Levi Strauss opened a dry goods store in San Francisco in 1853. And in 1873, Strauss, along with Jacob Davis, patented riveted pants, a.k.a blue jeans. The pair sold the new type of pants in Strauss’ San Francisco store, what is known today as Levi Strauss & Co. Today, jeans are one of the top bought and worn pieces of apparel in the world!
The cable car
The cable car is one of the most iconic San Francisco staples, and Andrew Smith Hallidie sent the first one down Clay Street on August 2, 1873. Although a series of brief incidents almost caused the removal of cable cars from San Francisco streets in the late 1940s, today, they are still right where they belong, transporting people around the city.
The slot machine
Charles Fey, a San Francisco car mechanic, invented the slot machine (first deemed the “Liberty Bell” machine) sometime between 1887 and 1895. Although the gambling machine was already developed in 1891, Fey’s re-manufacturing of it brought the slot machine to its caliber today.
The coin-operated phonograph was first commercially available in 1889 after being installed in San Francisco’s Palais Royale Saloon; it required a nickel for each play. In its first six months in the saloon, the machine earned over $1,000. This invention gave way to what we know today as the jukebox.
The exact location of the martini’s origin is slightly up for debate. While some say the cocktail originated in Martinez, California, others swear that its creation took place in San Francisco. Despite this disagreement, the story remains that the martini came about during the Gold Rush when a miner’s odd drink request resulted in what we know as the martini today.
This invention comes with a bit of a love story attached. William L. Murphy created the Murphy bed in the early 1900s. While he wanted to invite a woman to his apartment, he was living in a studio, and at the time, it was improper for a lady to see a man in his bedroom. It was for this reason that Murphy invented the wall bed; he could hide his bed, creating a more appropriate environment. Murphy ended up marrying that woman too.
IT’S-IT Ice Cream Sandwiches
IT’S-IT Ice Cream Sandwiches have been a sweet San Francisco staple since 1928. The creation came about when George Whitney placed a scoop of vanilla ice cream between two delicious oatmeal cookies, before dipping the sandwich into dark chocolate. The well-known IT’S-IT was first sold at the Playland amusement park near Ocean Beach. Originally only offered in the Bay Area, people can now find IT’S-IT in several states, such as California, Nevada, Oregon, Washington, Hawaii, Arizona, Texas, and New York.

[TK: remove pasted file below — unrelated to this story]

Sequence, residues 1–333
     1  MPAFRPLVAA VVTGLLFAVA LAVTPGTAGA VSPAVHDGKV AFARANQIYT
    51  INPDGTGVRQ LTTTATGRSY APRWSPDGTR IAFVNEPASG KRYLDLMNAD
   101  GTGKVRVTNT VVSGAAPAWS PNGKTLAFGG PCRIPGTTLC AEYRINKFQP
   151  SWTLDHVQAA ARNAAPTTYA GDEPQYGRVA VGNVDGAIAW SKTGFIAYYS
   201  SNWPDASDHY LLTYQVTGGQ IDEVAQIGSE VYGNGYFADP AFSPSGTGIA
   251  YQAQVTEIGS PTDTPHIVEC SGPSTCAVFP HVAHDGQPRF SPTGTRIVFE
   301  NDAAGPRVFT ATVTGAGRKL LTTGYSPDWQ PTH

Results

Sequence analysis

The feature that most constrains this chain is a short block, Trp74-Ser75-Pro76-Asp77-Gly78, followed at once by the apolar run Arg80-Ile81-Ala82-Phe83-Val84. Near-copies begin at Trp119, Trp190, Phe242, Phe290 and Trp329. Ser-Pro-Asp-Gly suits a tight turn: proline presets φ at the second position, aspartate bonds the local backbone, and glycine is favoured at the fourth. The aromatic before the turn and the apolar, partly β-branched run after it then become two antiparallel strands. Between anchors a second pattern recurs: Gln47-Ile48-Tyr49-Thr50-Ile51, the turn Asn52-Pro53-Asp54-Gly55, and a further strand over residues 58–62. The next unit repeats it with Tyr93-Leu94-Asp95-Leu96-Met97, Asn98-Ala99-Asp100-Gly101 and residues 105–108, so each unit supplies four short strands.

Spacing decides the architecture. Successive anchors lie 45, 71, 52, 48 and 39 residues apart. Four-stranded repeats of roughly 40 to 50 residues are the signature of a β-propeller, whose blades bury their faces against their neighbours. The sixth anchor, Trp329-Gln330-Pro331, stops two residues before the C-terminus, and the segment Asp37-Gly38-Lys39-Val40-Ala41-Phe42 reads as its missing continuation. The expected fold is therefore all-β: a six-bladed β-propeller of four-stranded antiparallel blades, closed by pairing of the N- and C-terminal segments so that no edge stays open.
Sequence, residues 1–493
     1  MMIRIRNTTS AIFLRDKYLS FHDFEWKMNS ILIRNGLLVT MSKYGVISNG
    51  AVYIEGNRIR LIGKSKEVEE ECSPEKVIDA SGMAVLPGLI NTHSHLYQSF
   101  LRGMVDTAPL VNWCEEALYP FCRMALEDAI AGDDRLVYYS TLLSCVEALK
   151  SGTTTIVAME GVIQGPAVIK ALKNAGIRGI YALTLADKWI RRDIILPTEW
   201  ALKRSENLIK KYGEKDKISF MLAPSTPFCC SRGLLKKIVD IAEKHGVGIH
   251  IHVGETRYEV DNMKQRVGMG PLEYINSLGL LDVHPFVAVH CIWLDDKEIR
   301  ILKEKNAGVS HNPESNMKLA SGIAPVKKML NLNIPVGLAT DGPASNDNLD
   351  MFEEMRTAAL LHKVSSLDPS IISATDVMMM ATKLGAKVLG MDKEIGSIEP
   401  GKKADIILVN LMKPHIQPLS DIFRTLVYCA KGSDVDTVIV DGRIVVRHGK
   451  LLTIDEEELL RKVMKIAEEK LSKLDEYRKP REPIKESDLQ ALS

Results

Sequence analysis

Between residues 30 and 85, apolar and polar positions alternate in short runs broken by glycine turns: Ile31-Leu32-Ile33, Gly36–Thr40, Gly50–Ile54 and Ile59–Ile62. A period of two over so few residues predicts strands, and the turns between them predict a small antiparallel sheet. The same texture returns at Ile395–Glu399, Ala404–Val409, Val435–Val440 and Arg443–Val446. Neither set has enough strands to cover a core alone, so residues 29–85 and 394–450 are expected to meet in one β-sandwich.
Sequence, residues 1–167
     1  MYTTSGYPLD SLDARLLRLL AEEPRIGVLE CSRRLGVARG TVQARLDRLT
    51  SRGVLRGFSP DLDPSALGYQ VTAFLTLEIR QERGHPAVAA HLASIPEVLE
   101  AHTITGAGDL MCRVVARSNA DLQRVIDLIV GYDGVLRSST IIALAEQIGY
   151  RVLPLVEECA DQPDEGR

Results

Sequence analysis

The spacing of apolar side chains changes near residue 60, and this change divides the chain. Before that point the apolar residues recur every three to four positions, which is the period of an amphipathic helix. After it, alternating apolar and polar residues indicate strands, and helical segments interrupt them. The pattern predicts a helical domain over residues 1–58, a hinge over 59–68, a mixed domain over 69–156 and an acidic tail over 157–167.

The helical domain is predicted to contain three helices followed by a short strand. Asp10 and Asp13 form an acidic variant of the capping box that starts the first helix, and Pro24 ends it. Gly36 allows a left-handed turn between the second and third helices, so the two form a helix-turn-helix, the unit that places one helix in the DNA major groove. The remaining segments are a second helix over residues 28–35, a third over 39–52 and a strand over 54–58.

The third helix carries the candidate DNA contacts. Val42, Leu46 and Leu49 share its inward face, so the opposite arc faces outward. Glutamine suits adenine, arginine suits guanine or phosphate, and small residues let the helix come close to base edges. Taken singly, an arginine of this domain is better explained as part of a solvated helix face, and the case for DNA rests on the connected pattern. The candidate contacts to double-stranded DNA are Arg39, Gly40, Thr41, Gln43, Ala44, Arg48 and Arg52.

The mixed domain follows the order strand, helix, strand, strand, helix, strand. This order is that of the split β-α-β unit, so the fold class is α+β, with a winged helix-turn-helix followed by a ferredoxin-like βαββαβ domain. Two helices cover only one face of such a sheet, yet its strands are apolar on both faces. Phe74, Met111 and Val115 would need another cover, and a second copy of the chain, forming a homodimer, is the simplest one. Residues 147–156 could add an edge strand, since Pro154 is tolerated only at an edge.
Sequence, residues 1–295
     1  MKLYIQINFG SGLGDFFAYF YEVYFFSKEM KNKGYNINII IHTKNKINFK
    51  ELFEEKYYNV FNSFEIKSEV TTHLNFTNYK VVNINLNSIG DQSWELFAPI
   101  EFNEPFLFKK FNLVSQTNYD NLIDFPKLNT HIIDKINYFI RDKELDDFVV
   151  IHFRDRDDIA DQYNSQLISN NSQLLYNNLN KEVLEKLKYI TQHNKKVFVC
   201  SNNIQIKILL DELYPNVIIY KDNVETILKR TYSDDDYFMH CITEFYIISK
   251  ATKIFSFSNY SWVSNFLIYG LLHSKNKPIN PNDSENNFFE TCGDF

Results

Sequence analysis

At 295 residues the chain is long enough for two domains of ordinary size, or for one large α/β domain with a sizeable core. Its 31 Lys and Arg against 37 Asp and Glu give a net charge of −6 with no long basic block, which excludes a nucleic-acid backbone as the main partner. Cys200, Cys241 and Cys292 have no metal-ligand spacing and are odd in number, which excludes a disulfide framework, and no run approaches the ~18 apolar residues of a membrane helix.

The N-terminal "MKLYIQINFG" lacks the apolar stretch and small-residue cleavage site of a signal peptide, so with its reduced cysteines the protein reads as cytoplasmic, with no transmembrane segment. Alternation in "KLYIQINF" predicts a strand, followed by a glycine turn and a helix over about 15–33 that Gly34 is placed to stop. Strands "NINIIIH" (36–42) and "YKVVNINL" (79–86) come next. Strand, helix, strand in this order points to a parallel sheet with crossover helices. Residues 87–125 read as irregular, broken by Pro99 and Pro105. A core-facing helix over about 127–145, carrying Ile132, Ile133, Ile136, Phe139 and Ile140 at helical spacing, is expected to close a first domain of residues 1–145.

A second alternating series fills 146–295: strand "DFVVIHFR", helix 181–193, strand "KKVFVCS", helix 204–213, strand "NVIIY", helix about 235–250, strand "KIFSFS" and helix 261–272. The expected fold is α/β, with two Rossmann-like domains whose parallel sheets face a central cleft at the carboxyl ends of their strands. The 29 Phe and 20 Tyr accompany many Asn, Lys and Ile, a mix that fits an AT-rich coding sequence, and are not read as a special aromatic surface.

Like so many other great inventions, the popsicle came about completely by accident. In 1905, an 11-year-old boy living in the Bay Area was making a beverage by combining some powder and water in a cup. He left his drink outside overnight with the stirring stick still in it; the temperature dropped low enough that the mixture froze. The young inventor, named Frank Epperson, patented his creation in 1923. The exact location of Epperson when he created the first popsicle is somewhere between Oakland and San Francisco. History.com claims Oakland as its birthplace, while the Smithsonian and The New York Times believe it was in San Francisco.
The fortune cookie
Despite popular belief, the fortune cookie is not a Chinese invention. The sweet, fortuitous treat’s creation took place in California; however, there seems to be some debate on the exact origin. In one claim, the story goes that Makoto Hagiwara either created the cookie in 1914 or purchased them in the San Francisco bakery, Benkyodo. Makoto, who was in charge of the Japanese Tea Garden, supposedly made (or gave) cookies with small thank you notes in them for the San Francisco mayor, who gave Makoto his job back after a previous mayor let him go. Another claim is by David Jung, founder of the Hong Kong Noodle Company in Los Angeles, who says he invented the cookie in 1918.
The first modern waterbed came about thanks to academia. Charles Hall designed the bed in 1968 for his Master’s Thesis project at San Francisco State University. The waterbed exploded in popularity in the ’70s, quickly becoming an icon and well-known sex symbol of the era.